John Lennon, “Signature Box” (Capitol, $189.99): Even though it contains 11 CDs, this bulky package focusing on Lennon’s solo career is by no means comprehensive. It excludes the excellent “Live Peace in Toronto” album, the first three experimental albums he recorded with Yoko Ono, two posthumous live releases, and the recent stripped-down remix of his final studio album, “Double Fantasy.” But collectors will jump on a disc of studio outtakes and bedroom recordings, including a raw take of “God” that illustrates how Lennon refined this heart-breaking purge. Also included are Lennon’s primary studio albums as a solo artist and three collaborative albums with Ono, plus a disc of singles. Original mixes are used, so don’t expect to hear the beefed-up sound featured on the spate of Lennon remasters that were issued individually in the last decade.
Neu, “Vinyl Box” (Phantasm, $194.79): The hugely influential German art-rock band gets the deluxe treatment, with their key studio releases from the early ‘70s all represented with lavish liner notes and graphics. Also finally tweaked to founding member Michael Rother’s specifications is the “lost” fourth Neu album, “Neu ‘86,” which was released without Rother’s authorization in the ‘90s by his former bandmate, drummer Klaus Dinger. “Neu ‘86” can charitably said to be of its time, an era when synth-pop was the epitome of cutting edge. But the duo’s ‘70s work remains beyond reproach, its endless grooves and scenic textures providing the perfect soundtrack for a cross-country drive or a long journey between the headphones.
Slayer, “The Vinyl Conflict” (American, $199.98): Ten crucial chapters in metal history presented on 180-gram “audiophile” vinyl. These pressings convey the band’s awe-inspiring power more persuasively than my CDs do while bringing the blinding intricacy of the guitar-drums interplay vividly to life. The band’s formative early material is missing, but essentials “Reign in Blood” (1986), “South of Heaven” (1988) and “Seasons in the Abyss” (1990) have never sounded better. And a strong case is made for the latter-day return to form on “God Hates us All” (2001) and “World Painted Blood” (2009).
Bruce Springsteen, “The Darkness on the Edge of Town Story” (Columbia, $119.98): The centerpiece of this three-CD, three-DVD box is ostensibly the remastered version of “Darkness on the Edge of Town,” the 1978 album that is still the leanest, toughest music Springsteen ever recorded. But the real news is the trove of outtakes and rarities from the lengthy recording sessions that make up a scrappy, alternative “Darkness” (available separately as a two-CD set, “The Promise”). The music presents Springsteen and the E Street Band in garage-rock mode as the romanticism of the “Born to Run” era gives way to adult confrontation.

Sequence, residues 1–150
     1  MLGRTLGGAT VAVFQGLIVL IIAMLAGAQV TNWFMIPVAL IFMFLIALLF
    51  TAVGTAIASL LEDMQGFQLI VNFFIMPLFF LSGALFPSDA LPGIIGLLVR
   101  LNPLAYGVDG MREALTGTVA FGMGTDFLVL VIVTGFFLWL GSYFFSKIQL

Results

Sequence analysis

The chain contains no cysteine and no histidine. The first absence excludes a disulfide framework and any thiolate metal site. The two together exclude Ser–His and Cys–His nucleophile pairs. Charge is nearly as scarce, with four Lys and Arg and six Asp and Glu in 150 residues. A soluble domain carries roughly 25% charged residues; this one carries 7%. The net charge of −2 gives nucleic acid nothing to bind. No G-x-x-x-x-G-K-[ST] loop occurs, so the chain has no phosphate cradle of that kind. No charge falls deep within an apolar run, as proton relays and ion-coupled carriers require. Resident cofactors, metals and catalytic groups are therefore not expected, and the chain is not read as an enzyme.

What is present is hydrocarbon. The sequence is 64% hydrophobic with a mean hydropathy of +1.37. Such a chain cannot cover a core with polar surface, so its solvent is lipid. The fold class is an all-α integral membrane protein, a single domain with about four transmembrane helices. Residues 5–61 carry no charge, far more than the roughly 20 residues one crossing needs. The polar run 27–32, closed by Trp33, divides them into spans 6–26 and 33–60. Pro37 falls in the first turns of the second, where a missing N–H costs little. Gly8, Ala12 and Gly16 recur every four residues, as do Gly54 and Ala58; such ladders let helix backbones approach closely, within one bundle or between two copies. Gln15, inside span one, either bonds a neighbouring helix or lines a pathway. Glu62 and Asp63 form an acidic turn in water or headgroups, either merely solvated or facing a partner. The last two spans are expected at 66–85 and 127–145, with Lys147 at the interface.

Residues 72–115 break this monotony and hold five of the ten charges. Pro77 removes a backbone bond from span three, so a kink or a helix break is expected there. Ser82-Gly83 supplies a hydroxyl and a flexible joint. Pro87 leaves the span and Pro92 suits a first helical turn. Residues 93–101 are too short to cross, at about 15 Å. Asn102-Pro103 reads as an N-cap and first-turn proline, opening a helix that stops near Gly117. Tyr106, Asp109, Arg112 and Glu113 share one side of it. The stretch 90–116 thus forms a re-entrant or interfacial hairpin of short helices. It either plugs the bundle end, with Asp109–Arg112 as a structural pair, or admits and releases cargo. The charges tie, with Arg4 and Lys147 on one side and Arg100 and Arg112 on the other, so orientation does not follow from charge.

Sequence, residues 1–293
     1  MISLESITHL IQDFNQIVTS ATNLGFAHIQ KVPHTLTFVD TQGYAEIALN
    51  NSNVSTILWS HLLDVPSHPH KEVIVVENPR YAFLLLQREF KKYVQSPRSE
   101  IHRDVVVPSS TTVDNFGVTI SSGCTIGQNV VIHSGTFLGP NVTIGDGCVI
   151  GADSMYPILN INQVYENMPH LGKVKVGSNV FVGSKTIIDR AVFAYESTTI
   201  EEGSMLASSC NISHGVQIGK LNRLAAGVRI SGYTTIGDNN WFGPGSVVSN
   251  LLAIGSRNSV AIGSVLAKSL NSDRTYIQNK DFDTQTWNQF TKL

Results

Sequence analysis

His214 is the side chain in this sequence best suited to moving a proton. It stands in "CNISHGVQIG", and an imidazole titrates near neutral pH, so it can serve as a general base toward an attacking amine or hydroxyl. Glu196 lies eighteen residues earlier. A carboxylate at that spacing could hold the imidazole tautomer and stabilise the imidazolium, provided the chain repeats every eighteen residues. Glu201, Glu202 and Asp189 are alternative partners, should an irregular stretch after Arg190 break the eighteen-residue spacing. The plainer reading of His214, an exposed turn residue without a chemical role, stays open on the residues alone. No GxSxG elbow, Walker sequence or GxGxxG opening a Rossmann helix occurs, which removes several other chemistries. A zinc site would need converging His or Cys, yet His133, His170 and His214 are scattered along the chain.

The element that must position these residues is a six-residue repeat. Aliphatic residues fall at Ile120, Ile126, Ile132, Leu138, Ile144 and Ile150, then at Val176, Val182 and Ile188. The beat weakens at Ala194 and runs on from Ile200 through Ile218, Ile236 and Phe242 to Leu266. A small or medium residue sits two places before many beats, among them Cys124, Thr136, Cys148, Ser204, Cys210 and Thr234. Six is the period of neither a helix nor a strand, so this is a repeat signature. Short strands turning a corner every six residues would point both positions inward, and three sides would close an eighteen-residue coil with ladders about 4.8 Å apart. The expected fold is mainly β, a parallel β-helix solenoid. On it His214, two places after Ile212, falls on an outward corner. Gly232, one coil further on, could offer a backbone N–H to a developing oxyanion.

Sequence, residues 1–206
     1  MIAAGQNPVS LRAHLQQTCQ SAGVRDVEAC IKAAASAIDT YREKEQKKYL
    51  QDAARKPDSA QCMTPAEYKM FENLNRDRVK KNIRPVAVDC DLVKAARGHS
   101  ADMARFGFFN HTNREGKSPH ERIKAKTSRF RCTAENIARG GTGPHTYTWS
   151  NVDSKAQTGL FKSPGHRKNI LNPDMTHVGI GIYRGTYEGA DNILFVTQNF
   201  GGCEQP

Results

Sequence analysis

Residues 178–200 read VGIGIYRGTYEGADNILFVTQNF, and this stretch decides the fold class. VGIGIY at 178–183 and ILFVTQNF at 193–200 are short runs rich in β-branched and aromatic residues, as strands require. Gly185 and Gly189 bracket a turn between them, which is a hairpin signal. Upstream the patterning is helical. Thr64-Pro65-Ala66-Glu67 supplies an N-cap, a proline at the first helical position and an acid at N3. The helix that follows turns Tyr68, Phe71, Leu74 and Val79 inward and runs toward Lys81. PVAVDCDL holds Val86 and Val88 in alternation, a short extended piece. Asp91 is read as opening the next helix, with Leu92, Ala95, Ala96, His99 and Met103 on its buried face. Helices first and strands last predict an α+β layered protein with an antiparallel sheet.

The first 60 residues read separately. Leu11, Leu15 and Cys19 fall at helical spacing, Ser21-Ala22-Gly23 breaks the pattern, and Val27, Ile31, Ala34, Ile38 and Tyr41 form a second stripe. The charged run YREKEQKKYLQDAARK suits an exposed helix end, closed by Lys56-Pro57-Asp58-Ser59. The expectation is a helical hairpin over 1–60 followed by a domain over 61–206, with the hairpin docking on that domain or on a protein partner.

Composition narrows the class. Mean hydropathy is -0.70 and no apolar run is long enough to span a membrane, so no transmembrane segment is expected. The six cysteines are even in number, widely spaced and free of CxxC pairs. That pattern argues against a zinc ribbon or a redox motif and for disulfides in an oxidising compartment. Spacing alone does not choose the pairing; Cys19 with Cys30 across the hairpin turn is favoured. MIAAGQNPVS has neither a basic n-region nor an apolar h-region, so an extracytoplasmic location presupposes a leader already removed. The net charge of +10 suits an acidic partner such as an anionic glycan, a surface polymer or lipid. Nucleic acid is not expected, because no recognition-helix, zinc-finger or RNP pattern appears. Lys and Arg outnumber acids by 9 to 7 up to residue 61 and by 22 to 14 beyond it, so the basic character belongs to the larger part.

Various artists, “Apple Records Box Set” (Apple/EMI, $336.98): The Beatles vanity label, launched in 1968, was testament to the group’s voracious appetite for new sounds. For five years, the label brought together an array of artists from the worlds of folk, jazz, soul, classical, Indian music and rock, including future star James Taylor, cult-rockers Badfinger and session mainstay Billy Preston, with contributions from individual Beatles scattered throughout (Jackie Lomax performs a knockout version of George Harrison’s Beatles outtake, “Sour Milk Sea”). This 17-disc box pulls together 14 studio albums from across the roster, a “best of” collection and a double-disc of outtakes. It’s far from essential, but it does provide a snapshot of the Beatles’ tastes as music appreciators. Ringo Starr was a fan of both British classical composer John Tavener and UFO enthusiast Chris Hodge — who knew?